BOOK REVIEW / The man was a poet for a'that: Burns: a biography - James Mackay: Mainstream, pounds 20
Far from exhausting him, these endeavours seem to have spurred Mackay's attempts to demythologise the poet. The myth of Burns as a roistering, drunken lecher is a nonsense propounded by mischiefs, sloppy biographers and pen-portraitists. It has been suggested that after his 'Edinburgh sojourn, his face could be seen in virtually every pram in Princes Street'. We are told he was shunned by polite society near to his death; that he died a pauper.
Mackay has none of this: 'My approach has been to examine every (available) so-called fact . . .' Every presumption, supposition, or shred of belief is traced to its source. Like a pointillist, he stabs and squints at each detail, assessing its merit. The book is a testament to his honesty and diligence: parish registers have been riffled, Kirk Session books, masonic lodge minutes, Sheriff Clerk's records, letters and journals all thoroughly scoured. Burns is demystified; the lineaments of a life are boldly traced, but what is missing is the sense that behind the creation of the myth there was the making of a remarkable poet.
Burns's genius as a poet is taken for granted by Mackay, who asserts he is 'universally recognised as one of the greatest poets of all time'. Oddly then, the work is almost entirely absent from the biography. The fact that the poems and songs sprang from the contingencies and conditions of Burns's life should make them central, not merely germane to our understanding of the forces that shaped his temperament and talent.
Instead, what we have is a merging of ventures and events, Burns traversed like a contoured landscape, his peaks and depressive troughs duly mapped: Burns, the eldest of seven children, exposed to the verities and language of the Authorised Version, attuned as a boy to the works of Shakespeare, Milton, Dryden; Burns the ploughman on his father's successive farms in Ayrshire's hills, though 'manual labour was never allowed to come between him and the intellectual pleasures of good conversation and correspondence'.
Nor did it hamper his exploits with women: Mackay sets out his known affairs, rampant, maverick and indulgent. He fathered at least a dozen children; his wife Jean Armour, the book's clear heroine, bore two sets of twins before he married her. 'Out of wedlock he had daughters by Elizabeth Paton, Ann Park and possibly Helen Hyslop, and a son by Jenny Clow.' Mackay is remarkably benign: 'Burns's dubious record in bastardy was by no means out of the ordinary for the times he lived in.'
He and Jean were arraigned by the Kirk. But Burns as penitent yields to the image of the radical who lampooned such worthy hypocrites as 'Daddy' Auld and 'Holy Willie'. In this respect he is not such a rebel as might be thought, for Presbyterianism in Scotland was governed by theological moderates at the end of the 18th century; Burns's remonstrations were of the mainstream.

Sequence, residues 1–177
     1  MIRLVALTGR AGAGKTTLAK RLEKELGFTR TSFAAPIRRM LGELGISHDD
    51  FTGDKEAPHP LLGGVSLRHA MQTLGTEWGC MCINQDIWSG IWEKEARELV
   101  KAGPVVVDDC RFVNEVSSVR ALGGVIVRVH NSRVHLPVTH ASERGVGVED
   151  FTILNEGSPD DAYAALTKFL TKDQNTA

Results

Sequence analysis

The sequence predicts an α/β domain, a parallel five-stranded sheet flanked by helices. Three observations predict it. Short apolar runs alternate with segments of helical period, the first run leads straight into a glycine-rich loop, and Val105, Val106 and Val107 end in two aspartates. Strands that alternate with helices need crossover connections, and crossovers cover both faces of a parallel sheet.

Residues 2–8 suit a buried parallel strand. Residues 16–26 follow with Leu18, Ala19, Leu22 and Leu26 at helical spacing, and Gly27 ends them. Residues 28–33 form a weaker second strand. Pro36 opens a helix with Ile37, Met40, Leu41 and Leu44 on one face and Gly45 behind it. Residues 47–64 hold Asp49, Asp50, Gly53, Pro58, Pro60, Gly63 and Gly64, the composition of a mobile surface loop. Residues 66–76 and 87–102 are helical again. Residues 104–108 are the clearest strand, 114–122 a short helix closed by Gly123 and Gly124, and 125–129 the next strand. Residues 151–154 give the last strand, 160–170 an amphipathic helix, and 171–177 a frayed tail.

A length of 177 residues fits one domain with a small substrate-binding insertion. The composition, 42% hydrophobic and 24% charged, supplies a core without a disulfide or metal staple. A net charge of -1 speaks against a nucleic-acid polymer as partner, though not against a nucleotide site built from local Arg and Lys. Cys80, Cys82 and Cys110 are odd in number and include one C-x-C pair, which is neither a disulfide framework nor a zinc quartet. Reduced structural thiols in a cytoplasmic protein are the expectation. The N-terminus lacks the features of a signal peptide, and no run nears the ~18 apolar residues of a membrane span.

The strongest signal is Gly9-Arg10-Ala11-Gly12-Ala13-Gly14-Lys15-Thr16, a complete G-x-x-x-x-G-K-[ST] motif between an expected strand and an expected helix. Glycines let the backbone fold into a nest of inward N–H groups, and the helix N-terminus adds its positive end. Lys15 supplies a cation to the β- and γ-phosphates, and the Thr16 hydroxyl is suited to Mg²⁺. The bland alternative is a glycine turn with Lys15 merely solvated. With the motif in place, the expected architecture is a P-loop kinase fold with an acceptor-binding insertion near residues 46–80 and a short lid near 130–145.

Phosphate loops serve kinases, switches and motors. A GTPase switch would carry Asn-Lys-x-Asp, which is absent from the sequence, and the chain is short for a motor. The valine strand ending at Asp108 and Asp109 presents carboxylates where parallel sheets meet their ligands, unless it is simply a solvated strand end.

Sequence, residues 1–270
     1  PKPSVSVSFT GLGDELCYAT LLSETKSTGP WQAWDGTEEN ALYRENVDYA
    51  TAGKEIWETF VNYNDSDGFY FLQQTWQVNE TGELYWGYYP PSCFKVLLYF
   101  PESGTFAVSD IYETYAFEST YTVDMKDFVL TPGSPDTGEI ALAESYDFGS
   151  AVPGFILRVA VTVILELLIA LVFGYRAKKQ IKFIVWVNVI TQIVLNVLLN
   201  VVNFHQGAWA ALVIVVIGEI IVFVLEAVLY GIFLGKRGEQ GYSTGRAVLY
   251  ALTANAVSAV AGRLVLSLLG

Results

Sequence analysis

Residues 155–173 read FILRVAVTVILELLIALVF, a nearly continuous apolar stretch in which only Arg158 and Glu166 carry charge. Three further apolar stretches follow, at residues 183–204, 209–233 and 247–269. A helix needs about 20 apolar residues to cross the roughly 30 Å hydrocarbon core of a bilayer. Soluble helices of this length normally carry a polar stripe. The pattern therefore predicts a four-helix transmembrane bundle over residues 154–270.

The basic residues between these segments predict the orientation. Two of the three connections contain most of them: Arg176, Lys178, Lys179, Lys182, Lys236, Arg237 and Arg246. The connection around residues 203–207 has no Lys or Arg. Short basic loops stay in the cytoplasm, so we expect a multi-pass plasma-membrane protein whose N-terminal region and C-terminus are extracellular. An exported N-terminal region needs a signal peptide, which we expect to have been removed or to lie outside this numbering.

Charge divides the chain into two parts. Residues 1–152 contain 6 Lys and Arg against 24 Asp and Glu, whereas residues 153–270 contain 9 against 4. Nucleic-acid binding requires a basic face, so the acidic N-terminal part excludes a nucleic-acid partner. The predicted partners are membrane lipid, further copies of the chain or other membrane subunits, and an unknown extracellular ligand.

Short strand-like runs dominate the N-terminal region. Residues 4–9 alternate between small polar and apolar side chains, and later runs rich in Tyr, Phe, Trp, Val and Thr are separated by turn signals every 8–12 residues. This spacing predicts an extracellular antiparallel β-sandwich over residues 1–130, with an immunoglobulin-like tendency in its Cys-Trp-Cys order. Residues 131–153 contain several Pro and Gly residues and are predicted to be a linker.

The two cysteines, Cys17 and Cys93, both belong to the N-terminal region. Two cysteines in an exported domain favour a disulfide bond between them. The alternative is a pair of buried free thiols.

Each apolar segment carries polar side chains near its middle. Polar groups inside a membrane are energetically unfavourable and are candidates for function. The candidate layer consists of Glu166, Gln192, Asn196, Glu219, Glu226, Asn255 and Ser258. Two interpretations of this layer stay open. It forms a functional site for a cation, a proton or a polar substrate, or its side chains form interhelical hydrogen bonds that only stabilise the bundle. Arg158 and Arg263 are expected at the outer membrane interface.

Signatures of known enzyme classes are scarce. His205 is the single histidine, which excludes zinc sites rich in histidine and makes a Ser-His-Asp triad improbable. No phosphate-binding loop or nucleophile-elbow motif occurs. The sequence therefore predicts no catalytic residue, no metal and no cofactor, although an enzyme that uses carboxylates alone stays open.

His bouts of drinking and sentimentality towards his love affairs were interspersed with spells of deep depression induced by money worries, rheumatism and tortures of the heart: 'My wife scolds me] My business torments me,' wrote Burns, 'and my sins come staring me in the face . . . When I tell you even bawdry has lost its power to please, you will guess something of my hell . . .'
On the first publication of his work, Poems Chiefly in the Scottish Dialect, Burns was lionised. No longer merely infamous as a lion among loins, he travelled to Edinburgh buoyed by a chorus of approbation. In this as in much of Mackay's account, we miss the sap of real life lived, the glamorous attachment to new society, its intellectual rigour. Burns's romantic inclinations are seen in his journeyings, his forays through the hinterlands of Scotland and his walking tours of northern England.
He was then a celebrity, but nothing in his life or in his death (prematurely of endocarditis aged 37) explains or prepares us for his posthumous elevation to cult importance. Every year on the anniversary of his birth, 'countless thousands of Burns Suppers (are) held in every part of the globe'. What is the cause of this extraordinary attention? James Mackay leaves the question in limbo, content to marshal the facts of a life and lay them before us. His is indeed the 'definitive' work, commanding respect. If it fails to ignite the imagination, nevertheless it yields a dividend in rigour and salient detail which sets the agenda for its successors. For that alone it is a landmark.
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